Toi rerehiko


Ngāi Tahu, Ngāpuhi

Whiti o Rehua School of Art

Rachael Rakena from the Whiti o Rehua School of Art uses the term ‘toi rerehiko’ to describe her practice, meaning ‘art that employs electricity, movement and light’. It claims and names digital arts for Māori by centring the concepts of ‘space between’, ‘fluidity’, ‘immersion’ and ‘continuum’ within a Māori paradigm, and combines notions of continuum with interdisciplinary and collaborative practice. ‘I make art that usually involves video and is often collaborative. I’ve been exploring themes around identity and water for many years, always with an indigenous focus.’

Rakena co-leads the Mana Moana project, a collaboration between Māori and Pasifika musicians, artists, writers and choreographers. It is a series of short art films, fusing poetry, dance, song, painting, photography and animation. Instead of projecting on a traditional film screen, Mana Moana explores themes of ocean, climate change and diaspora on a screen of projected water. ‘The water screen propels millions of drops into the air that fall and catch the light, creating a screen that gives the illusion of images appearing from the darkness and floating on water,’ explained Rakena. ‘It has a really magical effect, the way it makes people come together. The water spray comes out in a half circle, which then reflects on the water to become a full circle, and as the wind shifts, the whole image moves. It’s very ethereal, like a mirage. People gather around it, almost like you would gather around a fire, and that was something I hadn’t really thought about until we did it. It was really nice to see people taking it in.’

‘Volume 1’ of Mana Moana ran nightly in Wellington’s Whairepo lagoon as part of Wellington City Council’s Matariki ki Pōneke 2019, and ‘Volume 2’ is currently being created. ‘We’re hoping that we’ll be able to run it for five years or so, and keep building up the volumes,’ said Rakena. ‘We’ve been commissioning new works to be shown on the water screen for this Matariki around commemorating or taking stock of the year that’s passed, and looking toward the future. It brings together activists, experts and artists across a broad range of disciplines. Some of them are very strong advocates for climate change and ocean fixing. We tried to get a broad range so that it would present indigenous perspectives and embed concepts of kaitiakitanga [environmental care] and manaakitanga [care for others], looking after the ocean, and our connectedness to the ocean through whakapapa [genealogy]. We also wanted it to be not too devastating; something with a little bit of hope that makes you stop and think but doesn’t leave you bereft because that’s debilitating. Getting that balance is not necessarily easy. The project had to pivot due to Covid-19, and so we have developed an online 3D environment to host the project, called Mana Moana: Digital Ocean. We’ve intorduced VR and 3D sculptural artworks that centre Māori in this digital space. So we have considered tikanga [Māori customs] and atua [ancestor with continuing influences] in relation to this technology.’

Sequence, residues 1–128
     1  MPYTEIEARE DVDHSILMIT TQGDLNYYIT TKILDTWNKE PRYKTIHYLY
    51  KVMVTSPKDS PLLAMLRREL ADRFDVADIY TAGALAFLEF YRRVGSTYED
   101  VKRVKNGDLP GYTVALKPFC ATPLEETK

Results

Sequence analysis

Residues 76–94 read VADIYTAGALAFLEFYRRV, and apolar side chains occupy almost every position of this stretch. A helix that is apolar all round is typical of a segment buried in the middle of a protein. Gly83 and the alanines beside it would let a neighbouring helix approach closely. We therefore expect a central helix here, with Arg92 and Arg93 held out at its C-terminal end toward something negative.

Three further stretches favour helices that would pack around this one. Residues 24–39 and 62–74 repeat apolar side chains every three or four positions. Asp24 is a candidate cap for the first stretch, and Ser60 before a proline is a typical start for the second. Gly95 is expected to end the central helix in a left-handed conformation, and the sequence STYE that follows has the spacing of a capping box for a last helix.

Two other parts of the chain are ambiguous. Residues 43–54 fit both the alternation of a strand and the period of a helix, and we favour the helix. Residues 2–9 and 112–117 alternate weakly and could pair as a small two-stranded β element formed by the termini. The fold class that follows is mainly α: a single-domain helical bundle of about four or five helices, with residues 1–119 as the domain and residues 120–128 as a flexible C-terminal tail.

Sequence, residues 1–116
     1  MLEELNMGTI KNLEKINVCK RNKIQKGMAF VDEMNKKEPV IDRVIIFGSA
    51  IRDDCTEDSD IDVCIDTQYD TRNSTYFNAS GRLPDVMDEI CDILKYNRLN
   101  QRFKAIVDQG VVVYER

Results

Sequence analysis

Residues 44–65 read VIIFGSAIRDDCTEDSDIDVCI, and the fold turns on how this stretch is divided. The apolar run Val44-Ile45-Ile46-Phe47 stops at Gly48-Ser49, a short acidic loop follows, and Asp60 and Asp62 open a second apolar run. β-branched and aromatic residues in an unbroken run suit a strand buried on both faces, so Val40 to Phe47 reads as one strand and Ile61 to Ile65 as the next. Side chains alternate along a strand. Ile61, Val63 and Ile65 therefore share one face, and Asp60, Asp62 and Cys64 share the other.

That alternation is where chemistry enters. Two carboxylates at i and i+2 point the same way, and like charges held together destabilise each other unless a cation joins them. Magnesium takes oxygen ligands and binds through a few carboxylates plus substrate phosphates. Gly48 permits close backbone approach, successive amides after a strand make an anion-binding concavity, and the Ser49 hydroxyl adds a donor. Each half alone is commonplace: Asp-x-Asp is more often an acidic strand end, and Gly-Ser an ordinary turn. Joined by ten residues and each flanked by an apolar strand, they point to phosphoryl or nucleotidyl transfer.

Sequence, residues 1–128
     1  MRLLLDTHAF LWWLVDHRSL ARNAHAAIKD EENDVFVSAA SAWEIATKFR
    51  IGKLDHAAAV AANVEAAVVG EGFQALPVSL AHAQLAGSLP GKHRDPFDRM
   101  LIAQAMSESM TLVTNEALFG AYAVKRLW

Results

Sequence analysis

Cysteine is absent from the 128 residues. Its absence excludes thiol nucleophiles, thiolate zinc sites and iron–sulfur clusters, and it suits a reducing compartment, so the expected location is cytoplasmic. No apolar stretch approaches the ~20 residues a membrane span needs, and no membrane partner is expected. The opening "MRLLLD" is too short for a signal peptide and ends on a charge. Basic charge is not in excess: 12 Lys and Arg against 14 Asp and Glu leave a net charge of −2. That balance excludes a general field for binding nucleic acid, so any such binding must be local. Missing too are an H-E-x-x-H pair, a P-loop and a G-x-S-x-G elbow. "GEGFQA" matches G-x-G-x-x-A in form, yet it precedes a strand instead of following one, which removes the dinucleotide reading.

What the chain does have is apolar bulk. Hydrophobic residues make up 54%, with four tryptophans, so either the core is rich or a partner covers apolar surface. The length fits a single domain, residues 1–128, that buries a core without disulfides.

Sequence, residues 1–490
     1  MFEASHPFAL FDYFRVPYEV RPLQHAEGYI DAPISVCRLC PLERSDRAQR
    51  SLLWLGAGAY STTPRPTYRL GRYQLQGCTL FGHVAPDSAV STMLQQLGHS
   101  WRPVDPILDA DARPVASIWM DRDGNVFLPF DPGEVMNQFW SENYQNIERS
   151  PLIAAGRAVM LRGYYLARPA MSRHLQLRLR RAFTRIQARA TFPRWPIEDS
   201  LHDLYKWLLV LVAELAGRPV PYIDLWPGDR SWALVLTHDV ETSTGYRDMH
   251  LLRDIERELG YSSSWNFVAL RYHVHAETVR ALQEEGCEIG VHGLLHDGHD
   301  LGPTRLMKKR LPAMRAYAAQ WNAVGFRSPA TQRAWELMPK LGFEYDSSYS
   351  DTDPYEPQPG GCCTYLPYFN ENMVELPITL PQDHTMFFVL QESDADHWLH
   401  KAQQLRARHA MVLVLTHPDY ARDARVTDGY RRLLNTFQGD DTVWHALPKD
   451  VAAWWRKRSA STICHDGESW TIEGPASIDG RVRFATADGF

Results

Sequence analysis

Rakena is also a founding member of a group called Paemanu: Ngāi Tahu contemporary visual artists. Recently, they created the Nohoaka Toi exhibition, which takes visitors on a journey of Ngāi Tahu visual expression from rock art to the present day. ‘In the South Island, we’ve got a lot of rock art sites that were used as shelters by our ancestors, who used to travel across the island to different seasonal sites to gather resources,’ she said. ‘The art in them tends to be layered, where drawings from different generations are beside and relate to each other. We took that as a metaphor for how we treated the gallery, and for how we use galleries these days — we occupy them with our art practice and then return; it’s a temporary site where we put our art.’ 

Just as the rock shelters were once used, the exhibition began with artists occupying (sleeping in) the gallery prior to the exhibition opening, then there were multiple wānanga, or workshops, taking place over the duration of the show, where new works were added over time. ‘Each time we came back we added or changed a bit, and we hosted public activities and iwi activities that were centred in the space. The whole project was collaboratively driven — we developed key projects as a group and then took leadership roles within each of those projects. The projects were generally designed to encompass the contribution and participation of multiple artists and communities, to enable participation and collaboration. We were trying to shift the way we do things and be mindful of the present, and also connect back. For example, one of our artists draws directly on the walls of the gallery using ochre and traditional materials, and he started a number of large drawings and then encouraged us to add certain parts to them. His idea was that we would become part of the fabric of the gallery, so when it got painted over, we would be embedded into the walls.’